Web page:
Monday, January 24, 2011

Review: The Winter King, by Bernard Cornwell

The first book in his Arthur trilogy, the Adjutant of the Army of Historical Fiction Bernard Cornwell has produced again an adventure of the first order. As with several of his previous works, Cornwell deftly balances the adventures of an "everyman" with the high politic which defined Europe of the period.
Set in the late fifth century - about the time that any Arthur may have lived - Cornwell portrays a young warrior's ascent to court as in his Saxon Chronicles and the Grail Quest series. Rather than shoving established history aside willy-nilly for the sake of a good story, the author gently bends what we know of the truth to add to his tale - as always noting when he's done so in the Historical Notes. The Winter King also provides an accurate account of the staidness and often perfunctory nature of peasant life in the Dark Ages but moves effortlessly between the peasant's black and white existence and that of the tonal and nuanced machinations in the courts of the land's regents.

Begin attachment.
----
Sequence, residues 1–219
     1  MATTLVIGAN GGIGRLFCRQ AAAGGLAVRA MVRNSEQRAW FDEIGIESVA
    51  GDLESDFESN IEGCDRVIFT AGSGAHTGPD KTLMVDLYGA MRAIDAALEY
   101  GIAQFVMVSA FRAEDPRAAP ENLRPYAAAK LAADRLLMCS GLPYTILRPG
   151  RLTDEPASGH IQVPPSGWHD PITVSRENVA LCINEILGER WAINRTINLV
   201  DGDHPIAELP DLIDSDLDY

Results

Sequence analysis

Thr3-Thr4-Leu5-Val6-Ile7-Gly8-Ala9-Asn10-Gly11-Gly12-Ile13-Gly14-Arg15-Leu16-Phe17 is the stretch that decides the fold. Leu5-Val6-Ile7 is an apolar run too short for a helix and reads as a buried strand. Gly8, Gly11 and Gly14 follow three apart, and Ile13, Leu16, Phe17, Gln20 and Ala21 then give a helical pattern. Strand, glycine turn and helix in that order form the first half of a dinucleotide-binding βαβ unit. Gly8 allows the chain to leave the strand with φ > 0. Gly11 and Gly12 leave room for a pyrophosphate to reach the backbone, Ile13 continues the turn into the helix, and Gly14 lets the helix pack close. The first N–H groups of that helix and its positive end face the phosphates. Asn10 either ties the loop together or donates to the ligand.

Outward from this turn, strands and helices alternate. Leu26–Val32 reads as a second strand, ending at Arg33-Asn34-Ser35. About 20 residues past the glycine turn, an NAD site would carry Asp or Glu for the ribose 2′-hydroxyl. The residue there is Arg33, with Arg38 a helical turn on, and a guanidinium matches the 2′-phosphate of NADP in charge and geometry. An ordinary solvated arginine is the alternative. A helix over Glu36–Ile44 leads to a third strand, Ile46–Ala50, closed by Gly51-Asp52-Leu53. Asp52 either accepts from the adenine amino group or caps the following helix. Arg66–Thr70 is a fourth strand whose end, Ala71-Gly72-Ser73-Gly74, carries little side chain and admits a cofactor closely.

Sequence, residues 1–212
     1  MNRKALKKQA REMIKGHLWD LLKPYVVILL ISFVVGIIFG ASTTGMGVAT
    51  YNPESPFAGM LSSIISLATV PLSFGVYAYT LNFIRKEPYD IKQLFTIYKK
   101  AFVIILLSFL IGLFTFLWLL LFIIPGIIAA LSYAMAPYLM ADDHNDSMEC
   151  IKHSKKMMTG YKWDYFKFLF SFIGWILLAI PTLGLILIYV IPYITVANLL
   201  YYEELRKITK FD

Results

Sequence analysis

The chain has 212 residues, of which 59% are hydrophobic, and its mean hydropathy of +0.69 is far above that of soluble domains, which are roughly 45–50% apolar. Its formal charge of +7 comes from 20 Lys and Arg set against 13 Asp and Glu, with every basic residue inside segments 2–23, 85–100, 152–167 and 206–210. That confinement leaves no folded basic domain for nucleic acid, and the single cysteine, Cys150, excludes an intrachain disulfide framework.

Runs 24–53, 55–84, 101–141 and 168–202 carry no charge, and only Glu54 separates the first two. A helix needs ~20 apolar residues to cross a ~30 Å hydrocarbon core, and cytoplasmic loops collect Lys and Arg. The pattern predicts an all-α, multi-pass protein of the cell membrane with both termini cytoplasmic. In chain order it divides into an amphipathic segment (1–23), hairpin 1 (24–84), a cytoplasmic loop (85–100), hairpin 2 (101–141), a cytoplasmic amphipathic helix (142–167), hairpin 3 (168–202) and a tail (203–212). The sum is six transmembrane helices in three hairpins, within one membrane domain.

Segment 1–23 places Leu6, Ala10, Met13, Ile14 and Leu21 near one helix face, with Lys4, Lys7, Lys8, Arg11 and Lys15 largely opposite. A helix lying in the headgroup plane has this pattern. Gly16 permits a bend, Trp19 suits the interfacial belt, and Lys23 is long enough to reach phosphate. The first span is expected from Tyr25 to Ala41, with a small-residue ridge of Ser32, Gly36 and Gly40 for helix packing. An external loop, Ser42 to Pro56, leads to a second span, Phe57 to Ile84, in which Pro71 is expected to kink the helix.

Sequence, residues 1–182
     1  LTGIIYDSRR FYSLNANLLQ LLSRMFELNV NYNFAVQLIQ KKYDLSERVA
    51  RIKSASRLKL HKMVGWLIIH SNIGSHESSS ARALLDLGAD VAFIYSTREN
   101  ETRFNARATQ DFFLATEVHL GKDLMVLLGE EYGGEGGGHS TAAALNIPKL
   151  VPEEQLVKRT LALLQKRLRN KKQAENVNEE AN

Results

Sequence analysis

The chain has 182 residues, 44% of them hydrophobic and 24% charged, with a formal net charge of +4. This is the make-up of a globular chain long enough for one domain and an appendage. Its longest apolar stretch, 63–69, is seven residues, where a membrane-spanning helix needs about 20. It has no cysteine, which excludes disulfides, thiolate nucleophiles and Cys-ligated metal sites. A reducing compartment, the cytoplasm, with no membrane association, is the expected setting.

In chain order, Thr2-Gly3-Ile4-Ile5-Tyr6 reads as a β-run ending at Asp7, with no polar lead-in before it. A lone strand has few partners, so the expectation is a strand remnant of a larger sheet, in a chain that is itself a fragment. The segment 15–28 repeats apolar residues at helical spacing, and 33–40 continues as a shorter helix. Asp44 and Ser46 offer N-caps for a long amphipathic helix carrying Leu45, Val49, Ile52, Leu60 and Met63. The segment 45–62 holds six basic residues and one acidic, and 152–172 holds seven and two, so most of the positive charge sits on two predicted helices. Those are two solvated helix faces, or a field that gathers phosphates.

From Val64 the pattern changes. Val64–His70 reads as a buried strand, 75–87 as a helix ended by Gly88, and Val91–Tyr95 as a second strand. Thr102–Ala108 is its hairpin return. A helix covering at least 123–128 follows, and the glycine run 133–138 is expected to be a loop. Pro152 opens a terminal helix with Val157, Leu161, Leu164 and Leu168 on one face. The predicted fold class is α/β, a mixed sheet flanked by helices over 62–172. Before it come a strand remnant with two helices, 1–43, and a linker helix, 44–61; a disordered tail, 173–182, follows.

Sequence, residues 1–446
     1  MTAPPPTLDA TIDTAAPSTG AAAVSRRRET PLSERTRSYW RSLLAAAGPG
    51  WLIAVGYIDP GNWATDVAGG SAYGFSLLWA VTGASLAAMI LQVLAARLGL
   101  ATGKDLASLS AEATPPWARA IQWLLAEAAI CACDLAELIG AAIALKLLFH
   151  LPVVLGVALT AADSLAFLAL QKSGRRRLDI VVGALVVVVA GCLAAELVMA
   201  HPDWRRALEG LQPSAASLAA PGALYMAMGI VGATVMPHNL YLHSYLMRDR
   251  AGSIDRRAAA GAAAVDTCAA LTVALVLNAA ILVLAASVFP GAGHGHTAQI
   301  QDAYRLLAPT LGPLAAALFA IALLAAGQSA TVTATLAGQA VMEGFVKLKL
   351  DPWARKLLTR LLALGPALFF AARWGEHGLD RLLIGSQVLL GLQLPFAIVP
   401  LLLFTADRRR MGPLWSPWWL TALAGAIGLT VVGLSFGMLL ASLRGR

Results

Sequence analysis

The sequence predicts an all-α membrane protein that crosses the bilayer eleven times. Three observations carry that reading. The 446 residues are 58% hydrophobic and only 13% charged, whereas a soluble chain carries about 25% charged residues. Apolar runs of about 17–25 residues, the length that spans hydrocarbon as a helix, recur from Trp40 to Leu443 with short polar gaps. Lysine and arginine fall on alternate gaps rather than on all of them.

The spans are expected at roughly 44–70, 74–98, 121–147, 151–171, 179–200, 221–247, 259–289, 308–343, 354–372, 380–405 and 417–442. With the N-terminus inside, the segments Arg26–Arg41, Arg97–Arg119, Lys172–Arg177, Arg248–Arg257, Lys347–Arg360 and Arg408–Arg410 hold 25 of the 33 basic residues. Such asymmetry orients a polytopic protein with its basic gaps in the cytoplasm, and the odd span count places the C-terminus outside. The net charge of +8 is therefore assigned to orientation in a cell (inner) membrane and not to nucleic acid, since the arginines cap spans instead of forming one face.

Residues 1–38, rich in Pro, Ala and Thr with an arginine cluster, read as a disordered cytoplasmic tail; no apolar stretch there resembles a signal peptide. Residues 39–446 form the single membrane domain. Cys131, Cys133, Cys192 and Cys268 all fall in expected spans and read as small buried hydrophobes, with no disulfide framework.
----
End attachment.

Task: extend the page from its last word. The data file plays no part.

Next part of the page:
There are certain parallels between The Winter King and Cornwell's later Saxon Chronicles, especially when it comes to his depiction of the main protagonists. Unsurprisingly, as King Alfred the Great is suggested as a possible model for the Arthur of legend, there are the same world-building, considered personalities to both men and the storyteller, a captain in the King's army narrates from old age. The hero is once again a young Saxon raised by people of an enemy nation, which allows him easy passage in both nations and more importantly, the ability to speak multiple languages, a skill which when combined with his endeavour, allows him access to the King.

In all of his works that I've read, Bernard Cornwell gifts his main character with literacy against the odds, for a man of his position and birth should have no rights or expectation of any book learning. He does so for two reasons - to emphasise how lucky the character, and by extension the reader is to have this gift of words; secondly, it makes the narrative so much easier in a fractured land with myriad dialects. Though likeable, these are men and women of their time - leather armour rather than chain mail, characters with the pox and often, death in childbirth. By mixing historical fact with a really engaging story, he involves the common man in the politics of nations without it being boring and more remarkably makes it seem like that commoner has reason to have a relationship with royalty.

After only recently having read the Saxon Chronicles these similarities did strike me as mildly formulaic but as I thoroughly enjoyed both books I won't and can't complain. By weaving a good old fashioned adventure tale around likeable lead characters Cornwell engages his readers enthusiasm which in turn makes for a fast 430-page read.